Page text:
ABUJA (Reuters) - Islamist fighters from Nigeria's Boko Haram group have abducted more than 1,000 children in the northeast since 2013, the United Nations children's agency UNICEF said on Friday.
The militants regularly took youngsters to spread fear and show power, the agency said on the eve of the fourth anniversary of the abduction of 276 schoolgirls from the town of Chibok, a case that triggered global outrage.
"Children in northeastern Nigeria continue to come under attack at a shocking scale," said Mohamed Malick Fall, UNICEF's Nigeria head.
The agency said it had documented more than 1,000 verified cases, the first time it had published an estimated tally. But the actual number could be much larger, it added.
It said it had interviewed one young woman, Khadija, now 17, who was abducted after a Boko Haram attack on her town, then locked in a room, forced to marry one of the fighters and repeatedly raped.
She became pregnant and "now lives with her young son in an IDP (displaced persons) camp, where she has struggled to integrate with the other women due to language barriers and the stigma of being a ‘Boko Haram wife’," UNICEF said.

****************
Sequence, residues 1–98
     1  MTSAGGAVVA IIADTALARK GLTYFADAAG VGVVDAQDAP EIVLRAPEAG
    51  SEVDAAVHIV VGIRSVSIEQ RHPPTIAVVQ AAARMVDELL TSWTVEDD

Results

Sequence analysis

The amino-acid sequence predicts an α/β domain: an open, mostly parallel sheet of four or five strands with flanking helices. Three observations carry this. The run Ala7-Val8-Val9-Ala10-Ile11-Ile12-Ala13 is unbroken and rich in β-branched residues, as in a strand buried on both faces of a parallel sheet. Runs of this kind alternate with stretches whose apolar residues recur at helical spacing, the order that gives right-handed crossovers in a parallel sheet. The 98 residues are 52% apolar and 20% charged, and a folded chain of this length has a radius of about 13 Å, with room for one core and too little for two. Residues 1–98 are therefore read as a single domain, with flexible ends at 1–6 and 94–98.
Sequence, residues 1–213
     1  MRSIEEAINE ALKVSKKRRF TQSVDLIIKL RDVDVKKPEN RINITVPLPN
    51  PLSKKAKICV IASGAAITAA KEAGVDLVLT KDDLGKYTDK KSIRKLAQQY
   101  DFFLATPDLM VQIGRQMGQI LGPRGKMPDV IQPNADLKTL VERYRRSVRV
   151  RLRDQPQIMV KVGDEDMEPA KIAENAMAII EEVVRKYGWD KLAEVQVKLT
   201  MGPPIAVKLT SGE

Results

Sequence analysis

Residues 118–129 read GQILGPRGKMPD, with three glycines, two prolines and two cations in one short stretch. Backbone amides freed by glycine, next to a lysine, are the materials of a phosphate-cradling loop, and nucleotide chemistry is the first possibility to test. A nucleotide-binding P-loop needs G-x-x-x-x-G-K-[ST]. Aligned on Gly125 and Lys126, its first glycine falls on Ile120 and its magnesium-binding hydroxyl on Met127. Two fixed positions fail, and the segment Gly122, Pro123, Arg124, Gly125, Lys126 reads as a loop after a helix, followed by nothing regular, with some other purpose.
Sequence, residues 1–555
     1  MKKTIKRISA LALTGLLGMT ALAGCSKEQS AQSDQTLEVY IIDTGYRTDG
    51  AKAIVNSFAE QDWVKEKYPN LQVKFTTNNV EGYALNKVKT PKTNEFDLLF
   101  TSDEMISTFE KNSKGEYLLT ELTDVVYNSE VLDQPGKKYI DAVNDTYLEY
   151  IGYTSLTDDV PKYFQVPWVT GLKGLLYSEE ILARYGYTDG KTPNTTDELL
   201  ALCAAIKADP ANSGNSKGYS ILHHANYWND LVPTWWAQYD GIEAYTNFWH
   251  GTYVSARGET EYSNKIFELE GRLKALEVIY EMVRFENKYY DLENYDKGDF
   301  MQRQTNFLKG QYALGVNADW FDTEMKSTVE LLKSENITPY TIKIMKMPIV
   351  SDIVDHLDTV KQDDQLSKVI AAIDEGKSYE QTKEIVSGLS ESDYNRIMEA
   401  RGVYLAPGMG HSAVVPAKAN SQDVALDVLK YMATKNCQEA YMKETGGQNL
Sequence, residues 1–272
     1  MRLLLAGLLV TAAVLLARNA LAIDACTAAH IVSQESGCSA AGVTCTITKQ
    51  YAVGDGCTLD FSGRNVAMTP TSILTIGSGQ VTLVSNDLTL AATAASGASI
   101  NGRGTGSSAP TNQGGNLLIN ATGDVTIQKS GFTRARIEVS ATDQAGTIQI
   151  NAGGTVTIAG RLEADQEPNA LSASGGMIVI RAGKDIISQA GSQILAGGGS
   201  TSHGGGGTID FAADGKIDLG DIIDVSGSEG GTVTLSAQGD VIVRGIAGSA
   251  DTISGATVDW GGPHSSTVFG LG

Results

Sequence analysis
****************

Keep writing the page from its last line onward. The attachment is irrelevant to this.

At least 2,295 teachers have been killed and more than 1,400 schools have been destroyed in the conflict, it added.
The Boko Haram conflict is in its tenth year, but shows little sign of ending. In February, one faction kidnapped more than 100 schoolgirls from the town of Dapchi, previously untouched by the war.
A month later, the militants returned almost all of those girls. About five died while in Boko Haram hands. One other, Leah Sharibu, remains captive because she refused to convert to Islam, her freed classmates have said.
The government said the release was a prelude to ceasefire talks, though some insurgency experts disagree, saying it violated that faction's ideology to kidnap Muslims.
Boko Haram remains a charged issue politically. President Muhammadu Buhari in 2015 rode to power on promises to end the insurgency. But his administration has failed to defeat Boko Haram, despite pushing the militants out of many towns in the northeast by 2016.
On Monday, Buhari said he plans to seek re-election in 2019.
Four years since the Chibok abduction, about 100 of the schoolgirls are unaccounted for. Some may be dead, according to testimony from the rescued girls and Boko Haram experts.
Boko Haram in January released a video purporting to show some of the missing Chibok girls, saying they wish to remain with their captors.
(Reporting by Paul Carsten; Editing by Andrew Heavens)